Reviewer Sue Ayers: Sue is a freelance writer
residing in Richmond, VA. She is a graduate of Virginia
Commonwealth University where she received a bachelor’s degree in
English. Ayers is a frequent contributor to many popular sites and
also blogs about staying sane in a crazy world at her WEBSITE
The information in this book is so critical to our health and to our earth. I highly recommend that anyone who wants to learn more about the food they eat or who may have a small (or large) desire to change the world one farm at a time, pick up a copy of Farmer Jane
As obesity rises in the U.S. and more and more people are reaping
the ill effects of poor diets, it is so refreshing to see someone
take a stand against the foods that Americans are purchasing and
Temra Costa’s book, Farmer Jane, gives us a reason to cheer, knowing that there are women throughout the nation who have decided enough is enough when it comes to our country’s food. Costa gives us 30 examples of women who are committing their lives and their livelihood to creating sustainable farms, bringing interns on board to learn how to plant and farm, teaching children the value of fresh, healthy diets and generally helping people change what they put in their mouths.
In Farmer Jane, we meet women who have worked relentlessly to find ways, resources and support to provide healthy alternatives to processed food. And are there customers for this food? Evidently so! One farm represented in the book had so many volunteers and members that they found themselves needing to expand in 1990. In another story, one intern enjoyed the farming experience so much that she went on to start her own!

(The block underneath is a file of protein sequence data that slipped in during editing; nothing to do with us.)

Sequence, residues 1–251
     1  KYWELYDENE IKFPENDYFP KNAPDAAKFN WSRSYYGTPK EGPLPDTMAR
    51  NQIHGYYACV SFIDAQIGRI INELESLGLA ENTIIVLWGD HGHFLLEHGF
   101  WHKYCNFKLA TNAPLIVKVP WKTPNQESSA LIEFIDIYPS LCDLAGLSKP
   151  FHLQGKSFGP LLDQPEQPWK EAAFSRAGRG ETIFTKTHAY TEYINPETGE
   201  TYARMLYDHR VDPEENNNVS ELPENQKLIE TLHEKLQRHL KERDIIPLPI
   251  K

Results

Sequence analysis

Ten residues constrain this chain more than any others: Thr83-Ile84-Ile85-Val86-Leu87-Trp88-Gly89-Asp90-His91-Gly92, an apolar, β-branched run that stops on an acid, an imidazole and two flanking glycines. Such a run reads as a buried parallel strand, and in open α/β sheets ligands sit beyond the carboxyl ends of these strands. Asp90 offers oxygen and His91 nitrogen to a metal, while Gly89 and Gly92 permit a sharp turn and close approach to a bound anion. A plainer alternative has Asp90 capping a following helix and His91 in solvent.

The author investigates a variety of farms and community sustained agriculture organizations and we are offered a glimpse into this world. We see what is working to keep customers interested and engaged such as how one farm provides a seasonable wholesale produce box in one size with whatever produce the farmers choose. And the feedback has been excellent.
There are informative sections interspersed throughout the book that include a variety of interesting tidbits such as how much the food we eat actually costs us. There are resources for eaters, farmers and also for food businesses throughout the various sections of the book as well.
And we also meet women who are on the front lines of social change as they work tirelessly to get laws passed, meet with legislatures and obtain state and federal support. Some learned the importance of working with the media to get them to help spread the word about the farms in a positive light. We also learn about corporations who are genetically engineering the food we eat. All of this information adds to the value of the book. We actually learn the exact steps these extraordinary women took to work for the betterment of our planet.
The information in this book is so critical to our health and to our earth. I highly recommend that anyone who wants to learn more about the food they eat or who may have a small (or large) desire to change the world one farm at a time, pick up a copy of Farmer Jane.Click Here To Purchase Farmer Jane: Women Changing The Way We Eat